5.00 Squeak begins to stir, kicking me in the side. I refuse to believe he’s waking up so I try to bear hug him back to sleep. I drift in and out of consciousness.
6.00 Squeak is squealing with delight. He has thoroughly enjoyed the last hour of wrestling. This has made him thirsty and he grapples with my pyjama top. I fob him off with a beaker of water.
6.05 Brushing teeth time. Squeak sucks the toothbrush for fifteen minutes then insists on carrying it around for the rest of the morning, declaring “nooo nooo noo!” with a little scrunched up face if I try to take it away.
6.30 Squeak is reluctantly in his playpen listening to classical music. He demonstrates his distaste by throwing every single toy I’ve lovingly selected at the cat. I’m hiding in the kitchen drinking coffee and looking at Instagram.
7.00 Squeak eats his breakfast in mostly silence, emitting the odd snort. He’s been trying to tell me he wants to watch Peppa Pig since he woke up and the hope is slowly draining away.
7.30 It’s mother son bonding time and I achieve this by pretending to be a lion, followed by a frog, followed by Gary Barlow singing ‘Back For Good’ on the ukelele. Did I mention I used to be a musician?
8.00 Happy hour has arrived in Squeak headquarters. He is in his cage again, whoops, sorry, playpen, and Peppa Season 2 has begun. He stares transfixed by the beauty of the pink creatures flitting about the screen in a manner I will never understand but am truly grateful for. I give myself 50 minutes to complete as many jobs around the house as I can then check Instagram before I suddenly feel guilty and have a five minute shower.
9.00 Squeak doesn’t understand why I’ve turned Peppa off for snack time. “This is our time to talk” I tell his confused eyes.
9.30 I have successfully wrestled Squeak into his pushchair which is no mean feat considering he weighs more than the average three year old and is as strong as something stronger than me. I ply him with carrots until I’ve run through everything we need and after at least two false starts we’re ready to face the day.
10.00 Ahh toddler group. I talk to grown ups, with one terrified eye on a little boy who keeps threatening to eat stones / go down the steps backwards / plot his escape.
11.30 Squeak sits down in the middle of the playground, vacant stare, bags under his eyes, he staggers towards me “more more more!”. Yes. It’s booby time.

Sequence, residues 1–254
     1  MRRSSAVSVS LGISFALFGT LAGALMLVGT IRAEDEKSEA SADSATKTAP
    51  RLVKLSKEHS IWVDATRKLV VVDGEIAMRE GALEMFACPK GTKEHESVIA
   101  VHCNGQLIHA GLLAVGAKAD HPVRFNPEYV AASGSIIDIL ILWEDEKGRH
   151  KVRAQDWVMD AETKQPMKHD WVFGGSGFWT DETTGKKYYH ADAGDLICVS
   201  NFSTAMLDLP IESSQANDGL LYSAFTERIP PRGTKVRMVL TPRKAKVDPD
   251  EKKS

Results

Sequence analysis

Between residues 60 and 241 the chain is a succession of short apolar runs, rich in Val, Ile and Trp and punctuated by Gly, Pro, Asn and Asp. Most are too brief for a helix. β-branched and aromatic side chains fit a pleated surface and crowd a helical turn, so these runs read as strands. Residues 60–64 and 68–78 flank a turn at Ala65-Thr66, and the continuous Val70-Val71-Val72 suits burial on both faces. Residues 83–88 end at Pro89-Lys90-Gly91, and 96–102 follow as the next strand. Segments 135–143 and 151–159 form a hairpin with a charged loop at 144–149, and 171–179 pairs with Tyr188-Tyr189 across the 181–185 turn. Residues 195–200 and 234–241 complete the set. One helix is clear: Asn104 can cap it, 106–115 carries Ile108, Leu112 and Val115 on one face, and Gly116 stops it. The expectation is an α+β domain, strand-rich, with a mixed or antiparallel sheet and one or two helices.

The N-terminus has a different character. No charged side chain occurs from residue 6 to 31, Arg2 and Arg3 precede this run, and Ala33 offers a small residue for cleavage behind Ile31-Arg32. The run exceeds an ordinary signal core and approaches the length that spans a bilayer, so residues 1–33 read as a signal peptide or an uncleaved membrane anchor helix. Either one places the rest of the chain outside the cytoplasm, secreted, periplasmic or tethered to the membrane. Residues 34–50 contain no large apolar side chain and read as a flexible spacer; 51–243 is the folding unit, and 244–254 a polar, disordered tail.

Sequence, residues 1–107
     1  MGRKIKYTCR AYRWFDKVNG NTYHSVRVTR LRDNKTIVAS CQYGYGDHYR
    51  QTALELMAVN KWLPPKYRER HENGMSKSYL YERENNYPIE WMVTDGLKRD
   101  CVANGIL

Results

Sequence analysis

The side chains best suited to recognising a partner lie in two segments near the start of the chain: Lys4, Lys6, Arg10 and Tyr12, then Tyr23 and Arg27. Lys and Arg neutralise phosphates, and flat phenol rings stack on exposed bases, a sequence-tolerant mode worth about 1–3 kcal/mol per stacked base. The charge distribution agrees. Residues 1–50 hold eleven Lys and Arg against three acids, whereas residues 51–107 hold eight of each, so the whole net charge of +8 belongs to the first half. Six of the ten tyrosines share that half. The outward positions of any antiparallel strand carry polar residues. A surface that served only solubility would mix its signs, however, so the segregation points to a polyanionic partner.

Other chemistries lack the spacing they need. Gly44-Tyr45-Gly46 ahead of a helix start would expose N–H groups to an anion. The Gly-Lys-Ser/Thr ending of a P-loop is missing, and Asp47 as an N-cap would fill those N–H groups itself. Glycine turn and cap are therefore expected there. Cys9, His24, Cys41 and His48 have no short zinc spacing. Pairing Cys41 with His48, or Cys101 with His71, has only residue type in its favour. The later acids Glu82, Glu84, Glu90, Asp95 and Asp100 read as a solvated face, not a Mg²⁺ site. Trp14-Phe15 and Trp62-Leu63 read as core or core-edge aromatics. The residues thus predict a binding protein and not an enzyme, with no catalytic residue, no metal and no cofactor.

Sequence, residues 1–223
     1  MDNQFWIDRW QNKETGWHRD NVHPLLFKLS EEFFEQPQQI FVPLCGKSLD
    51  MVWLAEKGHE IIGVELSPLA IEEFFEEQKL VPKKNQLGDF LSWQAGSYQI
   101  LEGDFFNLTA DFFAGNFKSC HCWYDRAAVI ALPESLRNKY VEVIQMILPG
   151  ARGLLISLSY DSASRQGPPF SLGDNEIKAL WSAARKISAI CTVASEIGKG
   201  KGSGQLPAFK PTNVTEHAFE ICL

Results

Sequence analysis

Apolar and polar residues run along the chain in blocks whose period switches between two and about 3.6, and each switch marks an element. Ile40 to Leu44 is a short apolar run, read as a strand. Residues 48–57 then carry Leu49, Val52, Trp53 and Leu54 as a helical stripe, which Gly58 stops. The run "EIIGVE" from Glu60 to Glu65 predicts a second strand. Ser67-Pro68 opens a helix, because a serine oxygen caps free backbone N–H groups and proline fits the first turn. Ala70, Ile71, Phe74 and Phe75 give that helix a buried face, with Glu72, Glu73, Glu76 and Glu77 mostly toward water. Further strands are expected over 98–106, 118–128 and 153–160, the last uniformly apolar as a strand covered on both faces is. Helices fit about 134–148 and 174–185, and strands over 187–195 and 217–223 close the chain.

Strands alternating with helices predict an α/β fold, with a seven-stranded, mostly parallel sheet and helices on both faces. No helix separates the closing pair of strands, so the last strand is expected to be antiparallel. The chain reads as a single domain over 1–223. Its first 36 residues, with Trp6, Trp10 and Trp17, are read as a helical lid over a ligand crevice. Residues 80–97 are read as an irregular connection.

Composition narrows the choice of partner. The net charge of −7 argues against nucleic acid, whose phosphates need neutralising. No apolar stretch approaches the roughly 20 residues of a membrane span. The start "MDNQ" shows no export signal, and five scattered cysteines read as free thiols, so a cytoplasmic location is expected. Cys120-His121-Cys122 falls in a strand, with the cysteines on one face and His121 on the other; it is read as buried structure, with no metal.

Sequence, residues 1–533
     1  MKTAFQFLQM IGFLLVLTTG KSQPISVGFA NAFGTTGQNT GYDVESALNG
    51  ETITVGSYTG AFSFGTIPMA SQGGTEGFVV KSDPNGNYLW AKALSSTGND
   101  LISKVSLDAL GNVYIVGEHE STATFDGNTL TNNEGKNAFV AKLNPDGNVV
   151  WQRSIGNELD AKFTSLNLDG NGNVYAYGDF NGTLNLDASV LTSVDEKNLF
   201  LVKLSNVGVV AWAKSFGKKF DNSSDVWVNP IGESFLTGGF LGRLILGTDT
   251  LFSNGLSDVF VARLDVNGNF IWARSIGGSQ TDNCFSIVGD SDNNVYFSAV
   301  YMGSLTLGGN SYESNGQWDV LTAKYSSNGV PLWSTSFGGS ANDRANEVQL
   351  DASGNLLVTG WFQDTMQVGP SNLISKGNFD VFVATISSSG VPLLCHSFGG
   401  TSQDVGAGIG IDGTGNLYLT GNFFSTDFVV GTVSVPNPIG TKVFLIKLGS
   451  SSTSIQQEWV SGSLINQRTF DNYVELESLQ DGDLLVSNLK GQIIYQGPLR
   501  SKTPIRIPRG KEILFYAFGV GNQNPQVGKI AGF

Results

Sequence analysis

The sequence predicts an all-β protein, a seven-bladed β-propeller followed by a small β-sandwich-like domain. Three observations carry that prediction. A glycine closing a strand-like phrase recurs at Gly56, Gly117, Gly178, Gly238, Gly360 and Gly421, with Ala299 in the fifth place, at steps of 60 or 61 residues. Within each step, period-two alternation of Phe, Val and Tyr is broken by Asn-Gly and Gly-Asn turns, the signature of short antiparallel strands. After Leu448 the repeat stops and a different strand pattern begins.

12.00 My break has arrived. Squeak is snoring loudly like a middle aged drunk man in the pushchair, where he’ll remain for the next couple of hours. I downed a sandwich ten minutes before so I can truly enjoy this time instead of doing something pointless like eating. I wander round the shops. I check my Instagram. I take pictures of Squeak. I look at pictures of Squeak. I write blogs about Squeak.
2.00 We’re in the park and the pushchair is stretching and making happy gurgling noises. Oh that’s my son! I remember and lift up his snooze shade. He eats his lunch then feeds the ducks. He finds one favourite hill then runs up and down it for 30 whole minutes. Sometimes he falls over and I get to practice my confident voice, defying the screeching anxiety inside.
3.00 Time to head to our favourite cafe! It’s run by a wonderful woman with wonderful staff who have filled the lounge with toys and comfortable sofas and no one notices if you whip your boobs out to feed an oversized toddler. This is where Squeak practices most of his social skills, wrestling other toddlers for his favourite digger, and I get to check Instagram. Mama gets her cake, and eats it too. Squeak gets boiled new potatoes which he oddly finds delicious.
5.00 Dinner time has arrived and I rub my hands in glee. It’s cheese on toast again! Sometimes I’m feeling quite the culinary wizard and include a side portion of baked beans. Only two hours left. Squeak is exhausted and quiet.
6.00 A dangerous battle has commenced as Squeak fights me every step of the way to the bathroom. He knows this is when the Serious Teethbrushing takes place. He knows he will be lulled into a false sense of security by the bubbubs (bubbles) and we’ll be having a great time before the instrument of torture is whipped out and he has nowhere to go. He somberly accepts his fate.
7.00 Squeak’s final hurrah is in full flow. He plays with all his cars, reads all his books and flips around on the bed before fixing his stare at my chest and launching himself at me. He’s inserted into his sleeping bag before he knows it and happily announces “nah nah” to his dad, before pushing his bedroom door closed. “Pah!” he exlcaims at the newly dark and cooler bedroom, wide eyed in surprise. This weather business is very exciting this year.
7.30 I’m on Instagram, simultaneously editing my latest blog. I can hear Squeak clattering around in his cot as he rolls into the sides. The Toddler Bed is calling and I’m terrified. Not for another couple of months, I tell myself, thinking of the times I find him playing on the floor in the dark when we’re in the spare room.
9.00 – 5.00 Wow. I can’t believe we’ve arrived at 18 months and I have no tips on how to get a baby to sleep through the night. Sorry guys. Squeak wakes frequently through the night for feeds and comfort (and restraint) but bed sharing means by 5 the next morning we are rested, happy and ready to start the day, which is an amazing feeling. I’m not sure I ever really felt like this even before I had a baby.
If you’re struggling with regular night wakings, you may find this post helpful 🙂